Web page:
# 6.4 Power Cone Optimization¶

The structure of a typical conic optimization problem is

$\begin{split}\begin{array}{lccccl} \mbox{minimize} & & & c^T x+c^f & & \\ \mbox{subject to} & l^c & \leq & A x & \leq & u^c, \\ & l^x & \leq & x & \leq & u^x, \\ & & & Fx+g & \in & \D, \end{array}\end{split}$

(see Sec. 11 (Problem Formulation and Solutions) for detailed formulations). We recommend Sec. 6.2 (From Linear to Conic Optimization) for a tutorial on how problems of that form are represented in MOSEK and what data structures are relevant. Here we discuss how to set-up problems with the primal/dual power cones.

MOSEK supports the primal and dual power cones, defined as below:

• Primal power cone:

$\POW_n^{\alpha_k} = \left\{ x\in \real^n ~:~ \prod_{i=0}^{n_\ell-1} x_i^{\beta_i} \geq \sqrt{\sum_{j=n_\ell}^{n-1}x_j^2},\ x_0\ldots,x_{n_\ell-1}\geq 0 \right\}$

where $$s = \sum_i \alpha_i$$ and $$\beta_i = \alpha_i / s$$, so that $$\sum_i \beta_i=1$$.

• Dual power cone:

$(\POW_n^{\alpha_k}) = \left\{ x\in \real^n ~:~ \prod_{i=0}^{n_\ell-1} \left(\frac{x_i}{\beta_i}\right)^{\beta_i} \geq \sqrt{\sum_{j=n_\ell}^{n-1}x_j^2},\ x_0\ldots,x_{n_\ell-1}\geq 0 \right\}$

where $$s = \sum_i \alpha_i$$ and $$\beta_i = \alpha_i / s$$, so that $$\sum_i \beta_i=1$$.

Perhaps the most important special case is the three-dimensional power cone family:

$\POW_3^{\alpha,1-\alpha} = \left\lbrace x \in \real^3: x_0^\alpha x_1^{1-\alpha}\geq |x_2|,\ x_0,x_1\geq 0 \right\rbrace.$

which has the corresponding dual cone:

For example, the conic constraint $$(x,y,z)\in\POW_3^{0.25,0.75}$$ is equivalent to $$x^{0.25}y^{0.75}\geq |z|$$, or simply $$xy^3\geq z^4$$ with $$x,y\geq 0$$.

For other types of cones supported by MOSEK, see Sec. 13.6 (Supported domains) and the other tutorials in this chapter. Different cone types can appear together in one optimization problem.

## 6.4.1 Example POW1¶

Consider the following optimization problem which involves powers of variables:

(6.9)$\begin{split}\begin{array} {lrcl} \mbox{maximize} & x_0^{0.2}x_1^{0.8} + x_2^{0.4} - x_0 & & \\ \mbox{subject to} & x_0+x_1+\frac12 x_2 & = & 2, \\ & x_0,x_1,x_2 & \geq & 0. \end{array}\end{split}$

We convert (6.9) into affine conic form using auxiliary variables as bounds for the power expressions:

(6.10)$\begin{split}\begin{array} {lrcl} \mbox{maximize} & x_3 + x_4 - x_0 & & \\ \mbox{subject to} & x_0+x_1+\frac12 x_2 & = & 2, \\ & (x_0,x_1,x_3) & \in & \POW_3^{0.2,0.8}, \\ & (x_2,1.0,x_4) & \in & \POW_3^{0.4,0.6}. \end{array}\end{split}$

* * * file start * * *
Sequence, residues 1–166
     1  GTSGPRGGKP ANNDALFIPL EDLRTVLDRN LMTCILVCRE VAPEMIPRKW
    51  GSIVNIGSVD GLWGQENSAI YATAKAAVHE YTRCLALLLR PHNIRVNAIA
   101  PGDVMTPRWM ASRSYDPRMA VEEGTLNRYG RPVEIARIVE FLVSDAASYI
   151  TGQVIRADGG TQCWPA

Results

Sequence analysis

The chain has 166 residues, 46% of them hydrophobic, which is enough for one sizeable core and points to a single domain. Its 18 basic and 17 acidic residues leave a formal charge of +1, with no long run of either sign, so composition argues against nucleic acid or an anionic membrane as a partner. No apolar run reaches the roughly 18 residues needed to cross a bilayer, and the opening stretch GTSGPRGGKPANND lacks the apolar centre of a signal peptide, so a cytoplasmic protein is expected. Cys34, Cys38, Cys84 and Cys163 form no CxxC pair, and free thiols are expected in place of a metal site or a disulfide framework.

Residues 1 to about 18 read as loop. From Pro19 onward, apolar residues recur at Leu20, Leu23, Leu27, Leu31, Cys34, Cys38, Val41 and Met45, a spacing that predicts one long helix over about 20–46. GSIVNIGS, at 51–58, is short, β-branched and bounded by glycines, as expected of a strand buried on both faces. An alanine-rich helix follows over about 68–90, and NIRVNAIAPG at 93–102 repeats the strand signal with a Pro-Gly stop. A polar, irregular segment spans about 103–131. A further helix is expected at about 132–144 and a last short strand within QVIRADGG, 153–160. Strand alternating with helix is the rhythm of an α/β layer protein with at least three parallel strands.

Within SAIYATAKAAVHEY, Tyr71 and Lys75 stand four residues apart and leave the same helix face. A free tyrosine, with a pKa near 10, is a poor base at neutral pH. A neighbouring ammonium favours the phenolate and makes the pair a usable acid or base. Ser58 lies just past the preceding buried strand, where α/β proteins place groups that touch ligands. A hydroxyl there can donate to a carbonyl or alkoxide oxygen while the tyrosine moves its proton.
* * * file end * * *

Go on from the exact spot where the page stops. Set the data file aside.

The two conic constraints shown in (6.10) can be expressed in the ACC form as shown in (6.11):

(6.11)$\begin{split}\left[\begin{array}{ccccc}1&0&0&0&0\\0&1&0&0&0\\0&0&0&1&0\\0&0&1&0&0\\0&0&0&0&0\\0&0&0&0&1\end{array}\right] \left[\begin{array}{c}x_0\\x_1\\x_2\\x_3\\x_4\end{array}\right] + \left[\begin{array}{c}0\\0\\0\\0\\1\\0\end{array}\right] \in \POW^{0.2,0.8}_3 \times \POW^{0.4,0.6}_3.\end{split}$

Setting up the linear part

The linear parts (constraints, variables, objective) are set up using exactly the same methods as for linear problems, and we refer to Sec. 6.1 (Linear Optimization) for all the details. The same applies to technical aspects such as defining an optimization task, retrieving the solution and so on.

Setting up the conic constraints

To define the conic constraints, we start by setting prob$F equal to the matrix shown in (6.11). Note that F will internally be converted to the sparse triplet form (dgTMatrix) but the user may directly construct it as such by setting giveCsparse=FALSE (or repr="T" for newer Matrix package versions) in the sparseMatrix call. The vector prob$g is also set to the value shown in (6.11). Lastly, the domains are specified as columns in a list-typed matrix called cones, with rows for each associated detail. In example (6.10) we have two conic constraints:

    # NOTE: The F matrix is internally stored in the sparse
#       triplet form. Use 'giveCsparse' or 'repr' option
#       in the sparseMatrix() call to construct the F
#       matrix directly in the sparse triplet form.
prob$F <- sparseMatrix(i=c(1, 2, 3, 4, 6), j=c(1, 2, 4, 3, 5), x=c(1, 1, 1, 1, 1), dims = c(6,5)) prob$g     <- c(0, 0, 0, 0, 1, 0)
prob$cones <- matrix(list(), nrow=3, ncol=2) rownames(prob$cones) <- c("type","dim","conepar")

prob$cones[,1] <- list("PPOW", 3, c(0.2, 0.8)) prob$cones[,2] <- list("PPOW", 3, c(0.4, 0.6))


The first row in prob$cones selects the "type" of cone, i.e. the power cone "MSK_DOMAIN_PRIMAL_POWER_CONE" (note that PPOW and PRIMAL_POWER_CONE are valid aliases). The second row specifies the dimension ("dim") of each domain, here set to 3. The third row selects the cone parameters ("conepar") where each entry is a vector of parameter values. Source code Listing 6.5 Source code solving problem (6.9). Click here to download. library("Rmosek") pow1 <- function() { # Specify the non-conic part of the problem. prob <- list(sense="max") prob$c  <- c(-1, 0, 0, 1, 1)
prob$A <- Matrix(c(1, 1, 0.5, 0, 0), nrow=1, sparse=TRUE) prob$bc <- rbind(blc=2,
buc=2)
prob$bx <- rbind(blx=c(rep(-Inf,5)), bux=c(rep( Inf,5))) # Specify the affine conic constraints. # NOTE: The F matrix is internally stored in the sparse # triplet form. Use 'giveCsparse' or 'repr' option # in the sparseMatrix() call to construct the F # matrix directly in the sparse triplet form. prob$F     <- sparseMatrix(i=c(1, 2, 3, 4, 6),
j=c(1, 2, 4, 3, 5),
x=c(1, 1, 1, 1, 1),
dims = c(6,5))
prob$g <- c(0, 0, 0, 0, 1, 0) prob$cones <- matrix(list(), nrow=3, ncol=2)
rownames(prob$cones) <- c("type","dim","conepar") prob$cones[,1] <- list("PPOW", 3, c(0.2, 0.8))
prob$cones[,2] <- list("PPOW", 3, c(0.4, 0.6)) # Solve the problem r <- mosek(prob) # Return the solution stopifnot(identical(r$response$code, 0)) r$sol
}

pow1()